‘History is a set of lies agreed upon’ said Napoleon Bonaparte, and he was referring specifically to the mythologising of military leaders like himself; though he may have been echoing a similar view on history articulated by Voltaire.
Hindi cinema is particularly good at this exercise of valorising men and women from the past at crucial junctures in our contemporary politics. Films like ‘Padmaavat’ and ‘Manikarnika: The Queen of Jhansi’ were made at opportune times in our volatile politics, and the movies ceremoniously glorified Hindu womanhood, connecting these ladies and their brave deeds ingenuously to the patriotism and nationalism demanded of the public at that time, and in this too.
In the times of today, a hero from the Third Battle of Panipat may be useful because he underlines the importance of stitching alliances that keep you in power. The political vacuum that was created in the second half of the 18th Century – when the Mughals, the Marathas and the marauding armies from the North West struggled for supremacy – was a dangerous period. Small events snowballed into the largest and most destructive of all sub-continental battles in 1761. Both victors and losers in that conflict were weakened immeasurably, and the consequence was disastrous. The poachers of the East India Company skilfully used the embers of this bloody battle that drained so many human and economic resources in the region, to climb, eventually, to a commanding position in Northern India.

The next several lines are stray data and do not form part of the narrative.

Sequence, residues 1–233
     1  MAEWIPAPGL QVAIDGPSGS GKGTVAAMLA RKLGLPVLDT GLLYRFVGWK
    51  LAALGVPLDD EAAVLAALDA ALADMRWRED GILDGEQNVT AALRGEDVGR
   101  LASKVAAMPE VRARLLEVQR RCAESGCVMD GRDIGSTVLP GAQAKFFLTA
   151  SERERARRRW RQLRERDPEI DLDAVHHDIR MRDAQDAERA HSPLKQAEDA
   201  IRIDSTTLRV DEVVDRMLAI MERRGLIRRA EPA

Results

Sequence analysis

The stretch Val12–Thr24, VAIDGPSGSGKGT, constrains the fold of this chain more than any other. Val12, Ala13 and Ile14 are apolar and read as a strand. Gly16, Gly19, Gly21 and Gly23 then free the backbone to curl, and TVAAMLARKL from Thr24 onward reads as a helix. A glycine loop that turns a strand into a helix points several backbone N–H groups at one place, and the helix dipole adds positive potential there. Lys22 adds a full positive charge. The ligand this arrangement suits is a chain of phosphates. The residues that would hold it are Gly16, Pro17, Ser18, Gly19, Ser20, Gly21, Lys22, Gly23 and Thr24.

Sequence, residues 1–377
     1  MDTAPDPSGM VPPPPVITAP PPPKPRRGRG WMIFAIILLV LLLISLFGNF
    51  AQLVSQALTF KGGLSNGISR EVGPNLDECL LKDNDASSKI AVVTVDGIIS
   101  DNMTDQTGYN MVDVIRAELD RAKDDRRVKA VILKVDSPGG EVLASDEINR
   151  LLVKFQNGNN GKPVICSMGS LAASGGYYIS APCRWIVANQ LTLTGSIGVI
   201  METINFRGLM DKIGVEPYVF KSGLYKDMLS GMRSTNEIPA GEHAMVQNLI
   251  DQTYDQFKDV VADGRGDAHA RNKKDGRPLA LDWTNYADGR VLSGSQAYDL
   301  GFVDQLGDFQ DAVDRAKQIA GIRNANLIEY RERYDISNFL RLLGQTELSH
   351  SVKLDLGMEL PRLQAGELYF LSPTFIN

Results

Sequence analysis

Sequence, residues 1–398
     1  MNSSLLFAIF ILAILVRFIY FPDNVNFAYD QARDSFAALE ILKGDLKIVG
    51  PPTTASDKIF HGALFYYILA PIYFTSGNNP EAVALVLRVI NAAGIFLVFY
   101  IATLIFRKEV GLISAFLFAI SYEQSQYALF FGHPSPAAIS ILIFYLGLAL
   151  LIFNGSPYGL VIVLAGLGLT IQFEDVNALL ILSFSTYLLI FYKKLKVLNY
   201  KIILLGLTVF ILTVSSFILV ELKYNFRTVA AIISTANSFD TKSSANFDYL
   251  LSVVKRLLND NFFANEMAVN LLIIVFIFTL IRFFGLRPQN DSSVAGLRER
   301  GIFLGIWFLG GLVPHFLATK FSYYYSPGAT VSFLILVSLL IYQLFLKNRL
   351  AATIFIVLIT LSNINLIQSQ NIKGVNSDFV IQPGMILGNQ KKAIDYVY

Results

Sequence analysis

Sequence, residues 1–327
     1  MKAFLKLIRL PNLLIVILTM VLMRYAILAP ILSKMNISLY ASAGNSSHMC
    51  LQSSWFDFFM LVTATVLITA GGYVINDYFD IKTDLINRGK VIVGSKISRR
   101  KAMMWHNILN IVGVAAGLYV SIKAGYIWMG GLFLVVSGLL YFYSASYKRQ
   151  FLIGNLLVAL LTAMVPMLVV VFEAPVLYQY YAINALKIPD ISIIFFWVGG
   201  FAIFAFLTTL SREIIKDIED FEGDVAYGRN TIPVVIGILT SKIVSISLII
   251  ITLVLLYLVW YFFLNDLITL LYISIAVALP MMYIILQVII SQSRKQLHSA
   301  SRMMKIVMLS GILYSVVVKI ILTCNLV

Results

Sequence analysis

Though the film, ‘Panipat’, is told from a Maratha perspective, and so will naturally and rightfully highlight the valour in battle of the Maratha General, Sadashiv Rao Bhau (Arjun Kapoor), it ends up absenting itself from a holistic perspective on that history.
In the movie, the larger picture of the battle is political. Sadashiv’s nature, as elaborated in the film, is that of a taciturn man, with little use for words, and with an instinctive distaste for negotiation. Even his wife, Parvati Bai (Kriti Sanon), is shown as possessing vastly superior networking skills. She is able to cement relationships and build bridges, and to his credit, Sadashiv recognises and appreciates this talent in his wife, though his own aptitude is for military leadership alone.
But men run all aspects of a war in the 18th century. When the great Maratha general is let down by his allies, we see him as a tragic hero, betrayed by those he trusted, and not as a leader who failed to build an alliance. Then, when he refuses an offer by the Afghan King, Ahmed Shah Abdali (Sanjay Dutt), to call off the battle in return for an agreement that divides and demarcates their territories, we see him as patriotic; the only leader who fights for the precious idea of ‘Hindustan’, and who refuses a compromise with a foreigner. When he is unable to feed his starving troops, the film doesn’t blame him or his planners for poor strategy on the ground. On the contrary, it empathises, as fate and destiny is not on his side.
But the more emphatic cinematic failure of ‘Panipat’ is on the template of dramatic and technical impact. Not one actor in the huge cast of this film stands out. The sets are unconvincing and the CGI of huge armies marching, and rivers raging are ineffective. Particularly disappointing are the sets and images of Pune, from which city the Peshwas once controlled an Empire.
In short, ‘Panipat’ is a long and disappointing film